In the next article, we will discuss the distribution of CNAB bundles. While the core cloud technologies like virtual machines and object storage have been around for over a decade, and a rich tapestry of cloud infrastructure exists, managing cloud applications remains a challenge.

With this combination of specification and tooling, we’re optimistic that you can get started with CNAB today. But let’s take a step back and recap what problems CNAB is trying to solve: You can read an introduction to CNAB, and here you can find the CNAB announcement blog post. a number of issues have been raised regarding some clarifications, list of issues deferred for a post 1.0 version of the core specification. You can dive right in at, . There is also a list of issues deferred for a post 1.0 version of the core specification - and as the tools using CNAB mature, that list is expected to grow. The CNAB specification is developed under an open source model. But we wanted to make sure we did our due diligence. For Docker, CNAB provides a convenient way to encapsulate applications built using core Docker technology, without requiring the user to learn yet another technology stack. CNAB is designed to operate well in enterprise environments. We had already written a CNAB reference implementation (Duffle) designed to exercise the specification. We have even experimented with a graphical, The Linux Foundation introduces Cloud Engineer Bootcamp for cloud job seekers (ZDNet), Lenovo’s Massive Ubuntu And Red Hat Announcement Levels Up Linux In 2020 (Forbes), Goldman Sachs Open Sources its Data Modeling Platform through FINOS, Introducing the Open Governance Network Model, Why Congress should invest in open-source software (Brookings), Open Source Processes Driving Software-Defined Everything (LinuxInsider), Amundsen: one year later (Lyft Engineering). But we were well aware that Helm is inextricably bound to Kubernetes. This led us to one straightforward question: What if we could find a way to make package management work for the cloud the same way that it works for a local operating system? Finally, CNAB is a community effort, and we would like to thank everyone involved with the project! And then the host environment executes that bundle. That is the vision that CNAB relentlessly pursues. The First Bundle Bringing container magic to cloud-native applications Cloud Native Application Bundles: A Simple Way to Install Software on Kubernetes (or Any Other Runtime) The First Bundle Footage of the first bespoke bundle coming into existance. Along with covering distribution security, this specification also provides a software supply chain security model. After all, we’d built the enormously successful Helm package manager for Kubernetes. We have spent an extra year diving deeper into scenarios and vetting and collaborating popular security products so that it could be accomplished with existing solutions. The CNAB Claims 1.0 Specification describes how CNAB tools can share a common description of their deployed applications. Enumerating the big features, we started to list things we would want to be able to do: The list went on in a similar vein for a while. This team could decide to only implement the CNAB Core specification.).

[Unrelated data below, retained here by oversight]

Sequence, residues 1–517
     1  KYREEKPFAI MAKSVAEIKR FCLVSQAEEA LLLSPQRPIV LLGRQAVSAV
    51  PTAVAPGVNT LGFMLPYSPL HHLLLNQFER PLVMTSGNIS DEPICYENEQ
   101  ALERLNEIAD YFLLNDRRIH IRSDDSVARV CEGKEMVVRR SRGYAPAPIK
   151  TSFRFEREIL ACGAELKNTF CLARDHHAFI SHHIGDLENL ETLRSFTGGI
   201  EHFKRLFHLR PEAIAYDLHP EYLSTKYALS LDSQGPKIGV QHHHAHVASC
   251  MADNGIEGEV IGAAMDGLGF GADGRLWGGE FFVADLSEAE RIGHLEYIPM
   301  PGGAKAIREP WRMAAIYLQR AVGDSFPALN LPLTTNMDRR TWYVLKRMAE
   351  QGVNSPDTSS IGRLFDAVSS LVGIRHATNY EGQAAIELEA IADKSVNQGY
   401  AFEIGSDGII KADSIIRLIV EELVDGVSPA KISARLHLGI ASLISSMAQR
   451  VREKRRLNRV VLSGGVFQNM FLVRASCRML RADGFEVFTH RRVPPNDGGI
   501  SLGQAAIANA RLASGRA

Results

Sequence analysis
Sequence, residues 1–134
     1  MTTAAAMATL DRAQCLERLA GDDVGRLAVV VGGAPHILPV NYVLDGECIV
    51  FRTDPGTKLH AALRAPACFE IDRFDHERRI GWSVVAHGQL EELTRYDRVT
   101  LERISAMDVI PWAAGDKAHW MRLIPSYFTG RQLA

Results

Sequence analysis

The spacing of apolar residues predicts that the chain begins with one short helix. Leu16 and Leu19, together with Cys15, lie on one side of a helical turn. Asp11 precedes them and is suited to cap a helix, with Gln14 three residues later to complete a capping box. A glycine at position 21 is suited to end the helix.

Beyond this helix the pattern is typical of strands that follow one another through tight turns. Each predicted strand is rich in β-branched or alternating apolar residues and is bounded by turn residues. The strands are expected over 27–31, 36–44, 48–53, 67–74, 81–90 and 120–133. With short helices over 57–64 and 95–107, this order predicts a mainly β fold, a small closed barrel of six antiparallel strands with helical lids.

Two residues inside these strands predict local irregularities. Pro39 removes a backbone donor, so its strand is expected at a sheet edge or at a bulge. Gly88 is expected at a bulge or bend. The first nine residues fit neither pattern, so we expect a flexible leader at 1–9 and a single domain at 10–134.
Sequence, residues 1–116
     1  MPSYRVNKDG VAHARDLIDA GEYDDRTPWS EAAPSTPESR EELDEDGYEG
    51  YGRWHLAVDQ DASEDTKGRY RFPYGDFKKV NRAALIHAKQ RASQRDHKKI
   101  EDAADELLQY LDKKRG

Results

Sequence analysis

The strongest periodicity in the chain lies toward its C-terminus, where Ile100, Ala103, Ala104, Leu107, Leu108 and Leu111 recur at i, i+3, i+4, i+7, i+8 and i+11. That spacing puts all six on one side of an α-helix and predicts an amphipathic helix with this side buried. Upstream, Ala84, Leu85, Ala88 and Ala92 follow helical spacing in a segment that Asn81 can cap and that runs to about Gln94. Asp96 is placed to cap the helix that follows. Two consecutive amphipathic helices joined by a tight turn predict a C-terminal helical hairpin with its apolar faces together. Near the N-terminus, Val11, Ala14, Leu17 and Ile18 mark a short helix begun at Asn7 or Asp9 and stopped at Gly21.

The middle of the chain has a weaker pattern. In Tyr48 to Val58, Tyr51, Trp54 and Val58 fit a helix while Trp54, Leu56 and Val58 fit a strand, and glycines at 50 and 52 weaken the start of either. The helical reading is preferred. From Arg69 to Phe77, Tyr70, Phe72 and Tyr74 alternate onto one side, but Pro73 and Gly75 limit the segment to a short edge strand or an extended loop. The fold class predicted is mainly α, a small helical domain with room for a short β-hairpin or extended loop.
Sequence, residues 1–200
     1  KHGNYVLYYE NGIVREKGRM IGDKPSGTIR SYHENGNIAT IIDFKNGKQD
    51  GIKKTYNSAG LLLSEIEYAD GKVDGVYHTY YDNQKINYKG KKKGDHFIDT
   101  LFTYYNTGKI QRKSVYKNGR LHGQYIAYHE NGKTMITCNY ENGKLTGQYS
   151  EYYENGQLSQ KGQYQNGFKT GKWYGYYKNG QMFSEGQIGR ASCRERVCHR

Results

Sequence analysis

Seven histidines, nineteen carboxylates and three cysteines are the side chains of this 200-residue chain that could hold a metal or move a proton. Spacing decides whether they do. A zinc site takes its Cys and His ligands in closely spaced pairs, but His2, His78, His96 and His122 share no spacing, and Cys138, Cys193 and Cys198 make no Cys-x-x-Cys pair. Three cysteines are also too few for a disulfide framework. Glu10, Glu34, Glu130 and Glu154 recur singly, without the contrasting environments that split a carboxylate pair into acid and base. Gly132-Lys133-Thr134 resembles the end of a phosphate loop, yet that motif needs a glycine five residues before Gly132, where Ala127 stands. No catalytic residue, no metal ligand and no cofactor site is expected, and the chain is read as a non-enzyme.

The Linux Foundation has registered trademarks and uses trademarks. Docker initially announced their CNAB support for Docker Apps with a great architectural introduction. Manage discrete resources as a single logical unit that comprises an app. This domain was not entirely new ground for us.

Whether you’re focused on running your own apps for your own cloud platform, writing applications for air-gapped networks, or planning to distribute your application to a wide variety of cloud environments, CNAB is a packaging format that can help. As everything from our daily meetings to our kids’ classrooms has gone online, we are reminded daily of what a potent boon cloud technologies have become. The initial security model for CNAB was designed alongside the core specification. Through mixins, Porter can support a vast range of cloud technologies, from Terraform to Helm to Docker Compose, making it easy to tailor a CNAB bundle to your preferred target cloud or technology stack. Over the last few months, we have witnessed first-hand how much the cloud has to offer. We are eagerly pushing these toward completion. So what is CNAB? The core specification covers the following areas: This is the area of CNAB that has seen the most interest so far, and at the beginning of August, a core specification freeze has been instated, stabilizing the core specification even more, and allowing the reference implementation and other tools implementing the specification (such as Porter or Docker App) to implement the latest changes. We need to be able to describe our application as a single artifact, even when it is composed of a variety of cloud technologies; We must be able to provision our applications without having to master dozens of tools; and. Over the last two years, we have refined our model, goals, and features to meet this scenario best. But this doesn’t come without any risks - the most obvious is potentially realizing that the core specifications needs (breaking) changes in order to accommodate distribution or security. It should be just as simple to install a distributed application into your cloud — this is the goal of the Cloud Native Application Bundles (CNAB) project. For Docker, CNAB provides a convenient way to encapsulate applications built using core Docker technology, without requiring the user to learn yet another technology stack. This means that from development through testing, and finally on into release, each step can be verified according to a robust security process. Use and define operational verbs for lifecycle management of an app (install, upgrade, uninstall). Finally, we have one more specification in the works. Do you have a blog post, video, tutorial, demo, or some other neat thing using CNAB that you’d like to share? One of those is how we install, upgrade, and delete applications in the cloud. And this means that CNAB must have a robust “air gap” story.